I hoped that by showing the wireframe structures of the most common ads seen on TV, the visual tools and language they utilize could be viewed objectively and critically. Showing them so close to all the other advertisements and commercial elements found on city streets, made them more efficient. Audiences responded with laughs. They could identifiet with the home setting, amateur acting and could hack/understand what the seemingly nonsense sequences referred to. These ads mirrored the reality of TV commercials in a warped way. Unexpectedly a frequent comment was: “These are better commercials then the originals! You should contact the companies involved and sell these to them!”. And thinking about this I begun to plan Parallel Ads.

Evaluating the ad industry: Can images of products together with beautiful people, change consumer behaviour in a world where we generally have difficulties following traffic signs – even when our own life’s are at stake?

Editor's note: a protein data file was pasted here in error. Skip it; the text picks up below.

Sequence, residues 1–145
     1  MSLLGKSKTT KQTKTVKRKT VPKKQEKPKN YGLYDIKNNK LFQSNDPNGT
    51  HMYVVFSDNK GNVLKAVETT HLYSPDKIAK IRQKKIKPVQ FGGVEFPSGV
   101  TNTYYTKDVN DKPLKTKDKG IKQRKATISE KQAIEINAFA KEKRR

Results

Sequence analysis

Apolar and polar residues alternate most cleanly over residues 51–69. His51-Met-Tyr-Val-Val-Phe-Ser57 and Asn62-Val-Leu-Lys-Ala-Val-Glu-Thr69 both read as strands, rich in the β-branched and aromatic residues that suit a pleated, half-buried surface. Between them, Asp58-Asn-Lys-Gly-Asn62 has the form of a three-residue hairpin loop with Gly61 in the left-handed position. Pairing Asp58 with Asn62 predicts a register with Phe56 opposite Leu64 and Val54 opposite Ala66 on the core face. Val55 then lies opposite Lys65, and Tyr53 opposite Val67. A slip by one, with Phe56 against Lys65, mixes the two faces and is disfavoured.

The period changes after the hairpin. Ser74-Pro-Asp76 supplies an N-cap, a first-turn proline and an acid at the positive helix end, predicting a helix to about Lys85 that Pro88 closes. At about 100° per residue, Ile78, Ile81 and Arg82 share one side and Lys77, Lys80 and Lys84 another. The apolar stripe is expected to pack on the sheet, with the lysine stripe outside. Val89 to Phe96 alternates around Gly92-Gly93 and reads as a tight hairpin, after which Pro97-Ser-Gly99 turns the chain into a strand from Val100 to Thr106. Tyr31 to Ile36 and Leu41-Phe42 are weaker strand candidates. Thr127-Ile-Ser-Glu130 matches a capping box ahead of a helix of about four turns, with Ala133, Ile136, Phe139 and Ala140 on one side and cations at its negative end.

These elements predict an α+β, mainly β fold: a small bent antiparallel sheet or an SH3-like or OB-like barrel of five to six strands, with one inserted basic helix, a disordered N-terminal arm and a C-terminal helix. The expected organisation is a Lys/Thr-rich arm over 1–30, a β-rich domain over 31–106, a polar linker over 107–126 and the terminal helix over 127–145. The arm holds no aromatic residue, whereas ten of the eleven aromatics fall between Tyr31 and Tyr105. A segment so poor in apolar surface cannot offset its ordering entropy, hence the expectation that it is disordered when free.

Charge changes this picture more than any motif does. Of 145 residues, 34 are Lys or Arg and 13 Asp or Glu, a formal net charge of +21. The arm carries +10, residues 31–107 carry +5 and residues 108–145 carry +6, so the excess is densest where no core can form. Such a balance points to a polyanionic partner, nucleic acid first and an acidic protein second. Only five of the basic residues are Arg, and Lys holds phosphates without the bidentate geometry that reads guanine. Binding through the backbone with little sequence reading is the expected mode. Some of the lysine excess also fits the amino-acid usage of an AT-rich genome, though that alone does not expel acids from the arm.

Do we really know if advertisement works? The way I see it, is that the most “successful ads” are selected in big ad festivals by ADVERTISEMENT AGENCIES and people in the business. And of course they will state that what they are working with will bring benefits to a client.. Other then this, we as consumers have very little clues on what is a successful ad-campaign and what is not. Very few of us would admit that our behaviour is controlled or even effected by advertisement. And most outdoor campaigns are not aimed directly to increase the sales of products anyway. They attempt to increase “consumer knowledge of the brand”. This is not only about recognising company logos. Consumer knowledge of a brand includes that the subject also understands the values behind it, so that they may establish feelings for the brand. This means that advertisement agencies work with immaterial, qualitative data. Much like poets and artist alike.